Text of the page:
The stage is set for Shakespeare's birthplace to welcome "the world and his wife" for a special 400th anniversary celebration of his life and works.
The picturesque streets of Stratford-upon-Avon in Warwickshire are to play host to a colourful birthday parade as tourists and fans from across the globe descend on the town on April 23.
The legacy of William Shakespeare, who is buried in Stratford's Holy Trinity Church, will be brought to life by a host of actors, dancers and theatrical extras, including local schoolchildren and the public.
A centre-piece parade will be the focus of the day's events, beginning as a sombre walk of remembrance before ending on a more uplifting note assisted by the New Orleans jazz band.
Traditionally the morning parade is decorated with sprigs of rosemary "for remembrance", as Shakespeare wrote in Hamlet, and attended by the toll of a funerary bell.
Dignitaries will then lay a commemorative wreath to arguably the greatest playwright ever to wield a quill before a host of flags are unfurled in the centre of the town, signalling a change in mood.
The parade will then continue through the streets on the final leg of its journey, ending near his grave at the historic church.
Shakespeare, who penned almost 40 plays, over 150 sonnets, and coined well-known phrases still widely used to this day, died on April 23 - in 1616.
Stratford's mayor Tessa Bates said: "It's a birthday parade and the anniversary of his death parade, so it goes from the funeral, to a wake, to a birthday party.
"It ends on a really cheerful note."
She added: "We're expecting the world and his wife to be here."
Town clerk Sarah Summers, the Birthday Parade's lead organiser, said elements of audience participation were important to the day's festivities.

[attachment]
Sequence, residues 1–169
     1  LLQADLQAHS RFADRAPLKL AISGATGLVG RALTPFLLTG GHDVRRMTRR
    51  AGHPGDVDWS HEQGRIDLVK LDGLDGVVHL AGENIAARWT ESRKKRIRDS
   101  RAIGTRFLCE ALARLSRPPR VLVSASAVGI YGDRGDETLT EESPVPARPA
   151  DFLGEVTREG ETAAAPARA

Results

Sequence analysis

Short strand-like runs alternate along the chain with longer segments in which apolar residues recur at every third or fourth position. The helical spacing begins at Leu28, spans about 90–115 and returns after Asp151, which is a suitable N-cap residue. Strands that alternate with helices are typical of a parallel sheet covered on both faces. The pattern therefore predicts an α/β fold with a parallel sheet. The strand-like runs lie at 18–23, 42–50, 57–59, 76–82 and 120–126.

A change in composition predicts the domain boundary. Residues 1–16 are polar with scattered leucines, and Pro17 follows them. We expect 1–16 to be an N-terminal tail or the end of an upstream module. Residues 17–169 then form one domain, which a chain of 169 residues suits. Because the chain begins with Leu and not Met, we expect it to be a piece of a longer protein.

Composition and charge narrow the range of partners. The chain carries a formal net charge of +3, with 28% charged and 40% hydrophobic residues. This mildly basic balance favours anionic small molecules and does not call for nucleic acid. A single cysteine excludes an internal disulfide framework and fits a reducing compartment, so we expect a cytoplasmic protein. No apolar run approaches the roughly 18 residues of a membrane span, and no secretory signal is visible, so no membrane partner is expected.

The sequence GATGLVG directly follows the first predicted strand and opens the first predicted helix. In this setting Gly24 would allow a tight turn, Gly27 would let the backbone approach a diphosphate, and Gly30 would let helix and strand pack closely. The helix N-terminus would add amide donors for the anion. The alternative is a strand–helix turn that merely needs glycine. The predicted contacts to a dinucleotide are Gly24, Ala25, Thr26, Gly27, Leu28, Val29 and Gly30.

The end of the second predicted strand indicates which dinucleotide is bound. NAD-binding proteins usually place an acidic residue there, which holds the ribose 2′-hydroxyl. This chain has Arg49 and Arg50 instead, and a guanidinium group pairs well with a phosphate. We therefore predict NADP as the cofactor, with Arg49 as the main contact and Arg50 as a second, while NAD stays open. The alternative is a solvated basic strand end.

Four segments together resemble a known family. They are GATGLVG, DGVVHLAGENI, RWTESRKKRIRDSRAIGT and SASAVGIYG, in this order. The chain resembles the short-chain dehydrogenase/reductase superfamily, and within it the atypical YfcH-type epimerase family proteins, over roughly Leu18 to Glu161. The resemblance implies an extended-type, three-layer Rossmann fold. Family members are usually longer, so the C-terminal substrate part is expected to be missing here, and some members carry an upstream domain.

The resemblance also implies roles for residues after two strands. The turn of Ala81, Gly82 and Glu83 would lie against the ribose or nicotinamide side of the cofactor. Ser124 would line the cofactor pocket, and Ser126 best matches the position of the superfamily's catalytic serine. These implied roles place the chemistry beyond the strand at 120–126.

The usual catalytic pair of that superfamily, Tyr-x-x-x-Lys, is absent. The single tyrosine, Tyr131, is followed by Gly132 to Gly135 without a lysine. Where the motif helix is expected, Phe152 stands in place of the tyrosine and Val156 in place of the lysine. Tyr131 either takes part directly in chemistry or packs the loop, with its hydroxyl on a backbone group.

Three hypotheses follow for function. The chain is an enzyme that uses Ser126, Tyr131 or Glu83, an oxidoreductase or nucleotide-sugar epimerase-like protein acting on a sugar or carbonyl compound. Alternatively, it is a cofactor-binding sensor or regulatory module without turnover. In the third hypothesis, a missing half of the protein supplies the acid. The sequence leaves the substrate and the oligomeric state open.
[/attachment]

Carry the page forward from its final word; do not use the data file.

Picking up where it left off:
Ms Summers explained: "We want the crowds lining the route to join in the ceremonial, throwing sprigs of fresh rosemary underfoot as the procession passes by in sombre mood in a walk of remembrance.
"Later, as the party starts, we are looking for a photographic moment to savour with our specially commissioned Shakespeare masks. We need everyone to join in."
Playing a key role in this year's landmark anniversary is the Royal Shakespeare Company (RSC), whose grand Stratford theatre on the banks of the River Avon continues to stage and exhibit the Bard's enormous legacy.
During the day, outdoor players will perform iconic extracts from the playwright's vast array of works.
Geraldine Collinge, director of events and exhibitions at the RSC, said this year's traditional parade will be special, with an enormous amount of planning and preparation poured in to making the day a success.
She said it would be a chance to remember the impact that the playwright, who was baptised in the town on April 26 1564, had on the English language.
Ms Collinge said: "He is so much part of what we do every day.
"I think in this country we forget so many of the words we use, so many of the expressions and things we talk about have come from Shakespeare, like 'all that glistens isn't gold' or 'neither a borrower or a lender be', so some of the things you just say all the time come from Shakespeare.
"He invented so many new words it was such a creative flourishing time when he was writing, but as well the themes are enduring themes, themes that we're still agonising over like life and death, beauty and appearance and reality, all the things that he talked about in his plays so well are still things that still concern us in our lives today.
"Which is pretty amazing for someone who died 400 years ago."
The day's festivities conclude with a fireworks display and a line of light, leading to Holy Trinity Church, where there will be a graveside vigil.
On Saturday evening, former Doctor Who actor David Tennant is leading an all-star line-up for a televised gala celebrating the Bard's life being performed at the Royal Shakespeare Theatre.
Tennant, who earned critical acclaim in the RSC's Richard II and played Hamlet in 2009, will be joined for Shakespeare Live by Dame Judi Dench, Al Murray, Tim Minchin and Joseph Fiennes.